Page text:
“Our previous investigations showed clear influences of artificial light at night. However, these were not the same at all locations, but varied between the study systems. One reason for this could be that marine organisms at different geographical latitudes experience varying degrees of change in light availability over the course of the year and therefore also react differently to changes in daily light availability,” summarises Dr Lenz. “Among other things, we were able to observe an increase in the feeding rates of sea urchins or a decrease in the ability of mussels to produce byssus threads. In addition, at some sites, the larvae of certain species dominated in colonisation under the influence of artificial light at night, which in turn reduced the diversity of the systems studied.” Such reactions can significantly change ecosystems. As they also have the potential to reproduce at higher levels of organisation, they can also have consequences for the functioning of entire ecosystems, which we humans can ultimately also feel. For example, if macroalgae are less well defended against predation under the influence of artificial light at night, algae populations, which among other things slow down water movements and serve as a habitat for many other marine animals, could decline in the long term.

In addition to scientific progress, GAME also promotes the personal development of participants. During their Master’s degree, they learn how to organise and conduct experiments, evaluate and interpret data and write a scientific publication based on this. By working abroad and engaging in close dialogue within the group, they acquire important intercultural skills and make their first international contacts. Since the start of GAME in 2002, 286 students from 31 countries at 40 partner institutes worldwide have taken part in the programme.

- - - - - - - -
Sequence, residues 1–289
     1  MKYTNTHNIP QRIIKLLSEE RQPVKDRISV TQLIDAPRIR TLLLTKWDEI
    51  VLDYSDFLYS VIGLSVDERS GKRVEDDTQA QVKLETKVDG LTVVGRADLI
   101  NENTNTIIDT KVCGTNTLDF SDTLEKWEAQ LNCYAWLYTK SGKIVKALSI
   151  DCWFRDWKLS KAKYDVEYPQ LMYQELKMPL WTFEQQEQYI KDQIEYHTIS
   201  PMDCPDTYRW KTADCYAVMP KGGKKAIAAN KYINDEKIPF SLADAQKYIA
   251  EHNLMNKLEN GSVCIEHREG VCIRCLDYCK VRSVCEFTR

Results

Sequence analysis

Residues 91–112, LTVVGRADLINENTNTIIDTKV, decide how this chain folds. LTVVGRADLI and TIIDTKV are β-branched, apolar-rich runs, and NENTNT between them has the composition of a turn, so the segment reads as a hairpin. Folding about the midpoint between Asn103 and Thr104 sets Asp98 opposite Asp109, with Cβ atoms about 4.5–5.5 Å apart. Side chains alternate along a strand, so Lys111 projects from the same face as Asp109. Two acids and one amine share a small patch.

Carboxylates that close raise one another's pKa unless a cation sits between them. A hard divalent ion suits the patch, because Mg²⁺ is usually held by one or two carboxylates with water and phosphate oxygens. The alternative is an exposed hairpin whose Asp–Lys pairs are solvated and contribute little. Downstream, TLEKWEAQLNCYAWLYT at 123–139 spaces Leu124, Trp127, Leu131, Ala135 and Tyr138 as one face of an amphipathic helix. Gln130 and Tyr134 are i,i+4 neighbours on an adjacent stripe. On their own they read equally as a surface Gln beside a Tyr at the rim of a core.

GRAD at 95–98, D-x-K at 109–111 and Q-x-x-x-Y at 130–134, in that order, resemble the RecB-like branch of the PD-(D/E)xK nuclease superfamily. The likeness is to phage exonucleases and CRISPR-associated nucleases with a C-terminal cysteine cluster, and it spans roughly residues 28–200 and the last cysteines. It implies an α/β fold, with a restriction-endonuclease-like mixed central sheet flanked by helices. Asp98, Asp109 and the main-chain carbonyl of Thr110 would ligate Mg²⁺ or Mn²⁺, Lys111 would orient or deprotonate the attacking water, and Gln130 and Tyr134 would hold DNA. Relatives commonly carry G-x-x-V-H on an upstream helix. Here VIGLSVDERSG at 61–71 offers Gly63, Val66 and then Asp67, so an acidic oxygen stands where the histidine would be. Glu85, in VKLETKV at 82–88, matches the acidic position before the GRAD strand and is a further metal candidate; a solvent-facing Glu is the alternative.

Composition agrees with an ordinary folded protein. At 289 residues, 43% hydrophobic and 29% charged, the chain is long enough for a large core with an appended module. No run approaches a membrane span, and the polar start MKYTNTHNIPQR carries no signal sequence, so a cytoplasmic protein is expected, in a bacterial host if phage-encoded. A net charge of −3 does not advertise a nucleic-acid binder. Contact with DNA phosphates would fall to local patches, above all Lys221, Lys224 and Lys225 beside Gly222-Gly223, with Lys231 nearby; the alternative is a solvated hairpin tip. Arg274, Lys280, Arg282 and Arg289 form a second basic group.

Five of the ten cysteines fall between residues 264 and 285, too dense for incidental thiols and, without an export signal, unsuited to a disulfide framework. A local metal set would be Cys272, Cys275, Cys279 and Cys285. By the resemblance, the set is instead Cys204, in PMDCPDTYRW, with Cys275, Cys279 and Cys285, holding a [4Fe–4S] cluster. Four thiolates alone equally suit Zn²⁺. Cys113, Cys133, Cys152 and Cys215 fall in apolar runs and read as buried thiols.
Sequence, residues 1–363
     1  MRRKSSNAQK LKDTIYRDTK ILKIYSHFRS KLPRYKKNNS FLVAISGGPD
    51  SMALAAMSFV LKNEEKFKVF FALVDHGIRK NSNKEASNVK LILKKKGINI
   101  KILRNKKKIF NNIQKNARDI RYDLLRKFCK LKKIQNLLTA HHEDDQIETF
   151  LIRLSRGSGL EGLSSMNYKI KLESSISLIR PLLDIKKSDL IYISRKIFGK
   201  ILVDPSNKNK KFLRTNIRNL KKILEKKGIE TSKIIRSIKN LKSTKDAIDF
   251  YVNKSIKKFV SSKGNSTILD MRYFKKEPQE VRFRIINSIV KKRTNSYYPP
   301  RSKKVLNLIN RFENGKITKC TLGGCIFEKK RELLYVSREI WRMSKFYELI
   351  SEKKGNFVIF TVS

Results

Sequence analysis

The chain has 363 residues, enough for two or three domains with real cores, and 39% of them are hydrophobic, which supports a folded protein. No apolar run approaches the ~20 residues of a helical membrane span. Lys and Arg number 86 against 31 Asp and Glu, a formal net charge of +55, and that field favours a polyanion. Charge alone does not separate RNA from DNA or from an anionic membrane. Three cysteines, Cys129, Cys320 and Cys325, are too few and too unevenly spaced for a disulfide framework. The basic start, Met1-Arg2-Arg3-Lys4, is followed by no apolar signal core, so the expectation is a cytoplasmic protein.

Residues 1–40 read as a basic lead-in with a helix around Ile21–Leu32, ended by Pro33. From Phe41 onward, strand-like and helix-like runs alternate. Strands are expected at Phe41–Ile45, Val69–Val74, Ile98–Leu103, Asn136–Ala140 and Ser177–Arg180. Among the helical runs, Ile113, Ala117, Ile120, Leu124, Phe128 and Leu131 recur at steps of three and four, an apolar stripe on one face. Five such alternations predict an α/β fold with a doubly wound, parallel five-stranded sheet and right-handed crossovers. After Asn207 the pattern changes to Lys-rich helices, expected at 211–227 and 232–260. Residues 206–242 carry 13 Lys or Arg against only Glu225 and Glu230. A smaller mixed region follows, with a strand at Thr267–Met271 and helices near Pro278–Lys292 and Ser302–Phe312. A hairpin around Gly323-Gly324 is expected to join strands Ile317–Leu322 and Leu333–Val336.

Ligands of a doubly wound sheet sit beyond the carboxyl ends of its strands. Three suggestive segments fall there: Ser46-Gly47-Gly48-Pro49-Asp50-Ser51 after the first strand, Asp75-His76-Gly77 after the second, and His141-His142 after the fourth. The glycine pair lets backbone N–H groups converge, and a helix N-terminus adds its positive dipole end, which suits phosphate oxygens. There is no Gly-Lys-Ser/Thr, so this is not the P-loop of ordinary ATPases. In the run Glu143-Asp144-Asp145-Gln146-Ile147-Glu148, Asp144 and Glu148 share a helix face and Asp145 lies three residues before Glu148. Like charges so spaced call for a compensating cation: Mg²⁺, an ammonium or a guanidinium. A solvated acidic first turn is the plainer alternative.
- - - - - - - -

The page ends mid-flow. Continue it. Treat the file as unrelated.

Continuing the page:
Background: GAME
GAME enables young scientists to investigate the effects of global change in coastal waters while collecting data for a master’s thesis. To this end, teams of two conduct identical experiments at different locations around the world over a period of six months. The preparation and follow-up of each project takes place together with all participants at GEOMAR in Kiel. A project lasts from the beginning of March to the end of December. In preparation, the approach to research ecological questions is developed and the analysis of data using biostatistical methods is deepened. In the follow-up phase, all results are comparatively analysed, interpreted and prepared for publication. In GAME, students also train their ability to communicate science in the form of lectures and in specialist journals as well as in public relations formats. They are integrated in a global network that can serve as a starting point for collaborations and the exchange of experience and knowledge in their future careers. Applications for GAME 2025 are now open.

Project funding:
GAME is mainly made possible by the Klaus Tschira Foundation. The programme also receives support from Bornhöft Industriegeräte, Hydro-Bios, LimnoMar, Abfallverbrennung Kiel and SubCtech. GAME relies on the support of funders and appreciates existing and future interest.

Weitere Informationen:

http://www.geomar.de/n9402-e image download
https://www.klaus-tschira-stiftung.de Klaus Tschira Stiftung
https://www.oceanblogs.org/game The GAME Blog
https://www.geomar.de/en/game Global Approach through Modular Experiments (GAME)


Media Contact

Maike Nicolai Kommunikation und Medien
GEOMAR Helmholtz-Zentrum für Ozeanforschung Kiel